CUNA Mutual grant generates additional momentum for Leader in Me program

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WATERLOO – A $200,000 grant from the CUNA Mutual Group Foundation will help a nonprofit continue to grow a program that’s been a mainstay in Cedar Valley schools for a decade.

The program is fostered by Leader Valley, a nonprofit founded through a workforce development initiative of the Greater Cedar Valley Alliance & Chamber, now Grow Cedar Valley.

It is known for creating a culture that helps turn thousands of grade school children into successful students and strong leaders, both in school and in their future careers.

“It’s not just another thing that we want our teachers to do,” said Nicole Hackman, Leader Valley director of fundraising and communications. “I’ve heard teachers describe it as, ‘it’s the way we function as a school.’”

Hackman said the grant is the largest CUNA Mutual has awarded to Leader Valley.

“Unlike some school-based leadership programs, Leader in Me serves all students, and with the foundation’s investment, will provide the appropriate training and support to onboard and implement Leader in Me in all Cedar Valley schools, with a special focus given to the schools with the highest number of underserved students,” said Alex Shade, director of corporate social responsibility at CUNA Mutual Group, in a news release.

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Kittrell Elementary School librarian Sharon Stiles and Leader in Me students prepare for guinea pig races on June 7, 2019.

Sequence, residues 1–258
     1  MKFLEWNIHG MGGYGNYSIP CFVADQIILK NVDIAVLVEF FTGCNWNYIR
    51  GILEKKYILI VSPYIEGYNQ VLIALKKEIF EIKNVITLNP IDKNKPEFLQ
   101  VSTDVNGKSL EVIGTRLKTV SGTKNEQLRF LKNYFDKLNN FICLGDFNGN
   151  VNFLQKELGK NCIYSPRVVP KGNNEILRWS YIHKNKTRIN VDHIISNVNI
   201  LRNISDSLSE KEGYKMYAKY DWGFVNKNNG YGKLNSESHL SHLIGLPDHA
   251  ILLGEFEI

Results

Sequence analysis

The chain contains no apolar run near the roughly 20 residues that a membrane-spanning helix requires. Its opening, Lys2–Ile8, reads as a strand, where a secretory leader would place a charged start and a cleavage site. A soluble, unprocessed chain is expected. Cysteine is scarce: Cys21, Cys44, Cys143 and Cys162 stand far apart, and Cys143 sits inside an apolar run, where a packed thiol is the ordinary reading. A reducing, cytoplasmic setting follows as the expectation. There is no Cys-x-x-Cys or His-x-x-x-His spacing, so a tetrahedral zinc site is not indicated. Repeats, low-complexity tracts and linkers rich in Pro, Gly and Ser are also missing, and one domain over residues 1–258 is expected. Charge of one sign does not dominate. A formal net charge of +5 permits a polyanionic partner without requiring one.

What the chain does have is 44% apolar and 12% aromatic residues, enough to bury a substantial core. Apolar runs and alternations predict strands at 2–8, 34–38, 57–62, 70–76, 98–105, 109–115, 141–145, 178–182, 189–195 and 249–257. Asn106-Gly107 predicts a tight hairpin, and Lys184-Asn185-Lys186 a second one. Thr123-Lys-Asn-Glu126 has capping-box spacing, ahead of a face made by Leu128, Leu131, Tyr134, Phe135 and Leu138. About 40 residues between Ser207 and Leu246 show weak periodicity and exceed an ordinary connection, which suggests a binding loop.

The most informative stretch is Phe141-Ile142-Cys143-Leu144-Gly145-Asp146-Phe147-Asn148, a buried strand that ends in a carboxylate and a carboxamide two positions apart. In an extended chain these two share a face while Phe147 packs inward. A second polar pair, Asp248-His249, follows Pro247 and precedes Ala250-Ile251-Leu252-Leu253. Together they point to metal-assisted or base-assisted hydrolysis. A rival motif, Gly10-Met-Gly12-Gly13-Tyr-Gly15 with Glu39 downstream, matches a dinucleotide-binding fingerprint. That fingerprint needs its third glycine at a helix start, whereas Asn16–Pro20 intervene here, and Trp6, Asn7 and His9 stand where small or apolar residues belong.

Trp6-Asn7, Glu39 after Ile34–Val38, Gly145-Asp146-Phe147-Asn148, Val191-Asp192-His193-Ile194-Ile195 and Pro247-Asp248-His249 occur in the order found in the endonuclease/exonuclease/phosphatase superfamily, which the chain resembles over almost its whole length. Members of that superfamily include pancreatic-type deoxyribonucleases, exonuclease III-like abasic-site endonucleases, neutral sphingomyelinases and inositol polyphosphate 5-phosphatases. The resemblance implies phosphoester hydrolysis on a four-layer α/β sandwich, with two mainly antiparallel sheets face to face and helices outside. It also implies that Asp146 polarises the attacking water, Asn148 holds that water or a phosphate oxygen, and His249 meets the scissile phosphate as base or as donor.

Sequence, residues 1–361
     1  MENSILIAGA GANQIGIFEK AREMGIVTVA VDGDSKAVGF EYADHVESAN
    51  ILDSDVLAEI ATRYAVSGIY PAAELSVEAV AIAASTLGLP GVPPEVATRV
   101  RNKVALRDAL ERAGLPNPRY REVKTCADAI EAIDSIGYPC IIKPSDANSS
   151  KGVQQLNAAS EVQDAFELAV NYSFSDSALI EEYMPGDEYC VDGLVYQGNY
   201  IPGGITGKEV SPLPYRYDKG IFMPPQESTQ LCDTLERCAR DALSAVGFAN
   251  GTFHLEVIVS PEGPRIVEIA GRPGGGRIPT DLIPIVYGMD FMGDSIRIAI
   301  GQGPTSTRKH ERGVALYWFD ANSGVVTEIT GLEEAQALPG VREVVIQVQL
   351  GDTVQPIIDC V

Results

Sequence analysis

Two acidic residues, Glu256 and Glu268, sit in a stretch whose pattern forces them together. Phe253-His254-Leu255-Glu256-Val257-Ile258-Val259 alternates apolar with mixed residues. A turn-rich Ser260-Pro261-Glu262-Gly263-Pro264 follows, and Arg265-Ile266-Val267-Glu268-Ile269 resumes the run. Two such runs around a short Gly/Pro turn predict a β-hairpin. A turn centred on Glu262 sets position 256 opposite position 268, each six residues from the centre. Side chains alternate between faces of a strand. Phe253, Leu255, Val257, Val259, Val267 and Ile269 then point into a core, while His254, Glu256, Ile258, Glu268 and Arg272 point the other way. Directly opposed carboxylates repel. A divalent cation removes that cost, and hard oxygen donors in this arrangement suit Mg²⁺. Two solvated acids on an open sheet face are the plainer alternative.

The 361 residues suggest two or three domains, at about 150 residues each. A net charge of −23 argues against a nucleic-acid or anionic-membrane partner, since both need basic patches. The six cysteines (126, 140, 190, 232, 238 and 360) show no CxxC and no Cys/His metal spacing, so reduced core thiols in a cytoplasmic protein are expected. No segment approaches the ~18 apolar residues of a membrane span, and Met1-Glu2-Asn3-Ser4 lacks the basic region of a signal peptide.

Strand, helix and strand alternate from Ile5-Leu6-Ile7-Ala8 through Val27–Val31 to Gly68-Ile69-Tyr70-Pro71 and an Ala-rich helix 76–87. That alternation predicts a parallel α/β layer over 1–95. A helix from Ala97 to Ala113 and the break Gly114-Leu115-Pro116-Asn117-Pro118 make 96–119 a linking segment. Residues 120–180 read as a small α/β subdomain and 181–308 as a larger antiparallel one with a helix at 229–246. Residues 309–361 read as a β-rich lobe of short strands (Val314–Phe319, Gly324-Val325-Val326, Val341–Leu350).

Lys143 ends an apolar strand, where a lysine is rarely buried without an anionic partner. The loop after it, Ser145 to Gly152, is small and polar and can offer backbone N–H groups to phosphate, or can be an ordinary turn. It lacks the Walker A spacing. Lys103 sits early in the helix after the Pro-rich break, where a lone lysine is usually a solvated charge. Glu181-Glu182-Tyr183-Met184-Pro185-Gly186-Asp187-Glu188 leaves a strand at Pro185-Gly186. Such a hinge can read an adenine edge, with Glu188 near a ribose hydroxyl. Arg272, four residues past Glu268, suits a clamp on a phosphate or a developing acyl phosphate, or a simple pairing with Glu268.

The additional funds will help the 23 schools already hosting the program, and bring three additional Waterloo “at-risk” schools into the fold: Lincoln Elementary School, George Washington Carver Academy and Highland Elementary School.

In addition, the funding will help “refocus” some resources, which may have been lost due to COVID-19, for school staffs to continue the program’s implementation.

Out of the three at-risk schools, Lincoln Elementary, is the furthest along in the process. Staff is attending the necessary workshops and training, and students could begin participating in the program as soon as the second half of 2022.

Once the program takes shape in the 26 schools, more than 12,000 students will benefit, according to Hackman.

In addition to developing career learning opportunities and building equity in education, the ultimate goal for Leader Valley, according to Hackman, is to see the Leader in Me program in all 34 Cedar Valley metro schools.

“We are in a couple of high schools right now, and the goal is definitely to reach those students, so that they have it all the way from elementary through high school,” she said. “By the time they graduate, this would be second nature to them.”

The program is modeled after Stephen R. Covey’s book, “The 7 Habits of Highly Effective People.“ Hackman said some of the immediate benefits for students are better grades, behavior and attendance.

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She noted Leader Valley is “getting really close now” to an important milestone. For the first wave of students who entered the program a decade ago, Leader Valley will soon have graduation rates to analyze and other metrics relevant to what these kids are doing upon leaving school and entering the workforce.

Asked about the program’s impact, Hackman reflected on a tour of the Expo Alternative High School given by one of its students, Dontavies Perez.

“He gave me the tour and talked about what Leader Valley has meant to him,” she said. “For him to recognize that the adults in his life are investing in him and for him to tell me that he now believes in himself and how fortunate he feels to have those leadership experiences, it was amazing to see.”

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